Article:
You’ve read about MOOCs (Massive Open Online Courses), but what are they really and will they help you progress your career?
MOOCs do what they say on the tin…
They are online courses, open to everyone and you access them via the web. They are part of what is known as e-learning.
The aim of MOOCs is to open up access and learning to higher education (university undergraduate level) to as many people as possible. MOOCs are often units or modules of an undergraduate degree but not an actual full 3 year degree.
There are many different degree level subjects you can study in business or humanities through to sciences and IT.
However they can also be standalone courses in their own right e.g. First Aid, Introduction to Corporate Finance, The Secret Power of Brands etc. Most MOOCs are offered to you for free though you may have to pay a fee for exam certificates, or course completion certificates.
MOOCs are offered on the whole by consortiums of several education institutions working together in partnership.
20 UK universities along with the Open University offer MOOCs via Future Learn, the main UK online portal.
Other UK universities have partnered with US universities via their online portals to offer MOOCs; Edinburgh and London universities have both partnered with Coursera, a top US online portal offering over 2,000 different MOOCs from 134 different partners across the world.
The other two main online portals are EdX and Udacity (also American), though new smaller ones are being added all the time.
As they are online free access courses, you can live anywhere in the world and apply to any university in any country to study one. Some of the main portals have also just developed Apps so you can access your MOOC on a tablet or smartphone.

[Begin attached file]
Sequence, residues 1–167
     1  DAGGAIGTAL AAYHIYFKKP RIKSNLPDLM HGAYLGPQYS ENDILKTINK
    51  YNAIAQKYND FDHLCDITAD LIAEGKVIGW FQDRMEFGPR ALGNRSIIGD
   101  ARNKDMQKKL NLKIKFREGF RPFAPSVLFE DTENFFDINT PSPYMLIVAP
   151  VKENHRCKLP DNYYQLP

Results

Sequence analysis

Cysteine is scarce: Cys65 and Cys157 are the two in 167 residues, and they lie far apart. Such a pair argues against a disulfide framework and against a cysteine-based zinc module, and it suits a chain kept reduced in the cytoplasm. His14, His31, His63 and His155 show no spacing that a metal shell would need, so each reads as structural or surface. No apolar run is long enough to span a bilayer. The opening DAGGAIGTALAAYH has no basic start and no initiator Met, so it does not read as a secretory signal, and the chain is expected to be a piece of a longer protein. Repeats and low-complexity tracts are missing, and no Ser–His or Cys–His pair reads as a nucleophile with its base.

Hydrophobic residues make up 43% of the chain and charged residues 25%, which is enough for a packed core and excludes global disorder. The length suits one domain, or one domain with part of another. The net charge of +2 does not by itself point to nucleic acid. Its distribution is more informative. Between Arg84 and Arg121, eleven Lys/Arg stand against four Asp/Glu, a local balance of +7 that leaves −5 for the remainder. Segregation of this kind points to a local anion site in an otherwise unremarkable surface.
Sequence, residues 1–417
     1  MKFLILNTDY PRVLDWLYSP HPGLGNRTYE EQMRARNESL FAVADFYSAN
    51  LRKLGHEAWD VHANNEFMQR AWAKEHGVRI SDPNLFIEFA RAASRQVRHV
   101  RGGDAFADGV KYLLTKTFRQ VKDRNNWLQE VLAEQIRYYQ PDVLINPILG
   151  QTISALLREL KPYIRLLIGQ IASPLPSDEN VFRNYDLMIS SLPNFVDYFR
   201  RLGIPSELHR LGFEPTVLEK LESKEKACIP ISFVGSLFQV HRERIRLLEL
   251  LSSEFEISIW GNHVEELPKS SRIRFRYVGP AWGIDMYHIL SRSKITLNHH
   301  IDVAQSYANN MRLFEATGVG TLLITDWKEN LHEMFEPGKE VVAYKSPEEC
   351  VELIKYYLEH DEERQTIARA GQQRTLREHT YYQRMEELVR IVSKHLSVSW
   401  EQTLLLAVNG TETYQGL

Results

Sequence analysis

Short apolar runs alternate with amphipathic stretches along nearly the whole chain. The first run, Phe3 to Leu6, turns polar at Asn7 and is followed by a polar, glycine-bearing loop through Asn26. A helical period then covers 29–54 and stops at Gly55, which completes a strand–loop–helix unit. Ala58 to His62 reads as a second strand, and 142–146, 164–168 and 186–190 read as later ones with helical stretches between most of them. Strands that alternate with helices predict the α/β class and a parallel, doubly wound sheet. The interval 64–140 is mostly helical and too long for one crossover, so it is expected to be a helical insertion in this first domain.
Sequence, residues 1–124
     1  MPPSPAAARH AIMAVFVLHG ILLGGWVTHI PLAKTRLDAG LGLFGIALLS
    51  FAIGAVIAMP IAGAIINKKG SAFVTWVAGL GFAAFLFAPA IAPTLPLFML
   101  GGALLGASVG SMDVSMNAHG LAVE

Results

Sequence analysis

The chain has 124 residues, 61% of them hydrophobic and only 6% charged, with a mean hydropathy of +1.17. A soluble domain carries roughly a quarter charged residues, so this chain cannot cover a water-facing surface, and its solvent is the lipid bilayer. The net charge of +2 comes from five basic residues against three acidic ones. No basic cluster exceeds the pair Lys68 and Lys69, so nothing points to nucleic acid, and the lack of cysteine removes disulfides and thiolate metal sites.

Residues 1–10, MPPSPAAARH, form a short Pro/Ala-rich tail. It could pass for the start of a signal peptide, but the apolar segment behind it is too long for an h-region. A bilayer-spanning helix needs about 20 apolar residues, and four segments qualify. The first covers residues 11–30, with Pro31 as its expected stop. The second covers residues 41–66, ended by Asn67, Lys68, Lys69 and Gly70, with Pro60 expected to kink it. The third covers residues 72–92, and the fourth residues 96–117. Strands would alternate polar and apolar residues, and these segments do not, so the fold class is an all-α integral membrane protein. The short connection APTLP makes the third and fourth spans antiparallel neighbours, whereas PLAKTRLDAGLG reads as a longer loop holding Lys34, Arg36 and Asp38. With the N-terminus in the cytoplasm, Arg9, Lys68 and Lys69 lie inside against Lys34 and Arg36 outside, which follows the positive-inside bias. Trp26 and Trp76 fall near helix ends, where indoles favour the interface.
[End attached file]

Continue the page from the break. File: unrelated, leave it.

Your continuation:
Searching for the best ones can be slightly challenging as they all promote themselves as the top one. The MOOC list is probably the best place to start as it appears to be impartial and not linked to any one of the online portals.
On average you will study for three to five hours a week, which is flexible to fit around your work and social life.
The individual courses usually last five to ten weeks and focus heavily on video tutorials. As they are online you can discuss courses with other students via online forums, discussion boards and receive peer reviews of your work.
You don’t have to finish the courses (in fact recent stats show that only 10% of students who start a MOOC actually complete one).
The great news is that MOOCs don’t usually require any entry requirements (though you will need a certain level of computer skills to join in online chats and access the course content) but unfortunately they are not usually accredited as part of a degree.
Instead they will give you a taster of what you will learn at degree level and give you a standalone certificate on completion.
What this does mean is that students don’t usually use MOOCs as a career progression opportunity but instead focus on learning new skills as a hobby or if they are an existing graduate, refreshing their knowledge.
MOOCs are still in their early years of development and with venture capitalists looking to work with these universities you could see, in a few years, MOOCs become accredited and linked to degree courses with fees attached.
These MOOCs would then become a viable career progression route for an undergraduate degree with potentially cheaper fees than the standard UK university classroom model.
This post was originally published in November 2015, and has been updated to reflect any changes to the information accordingly.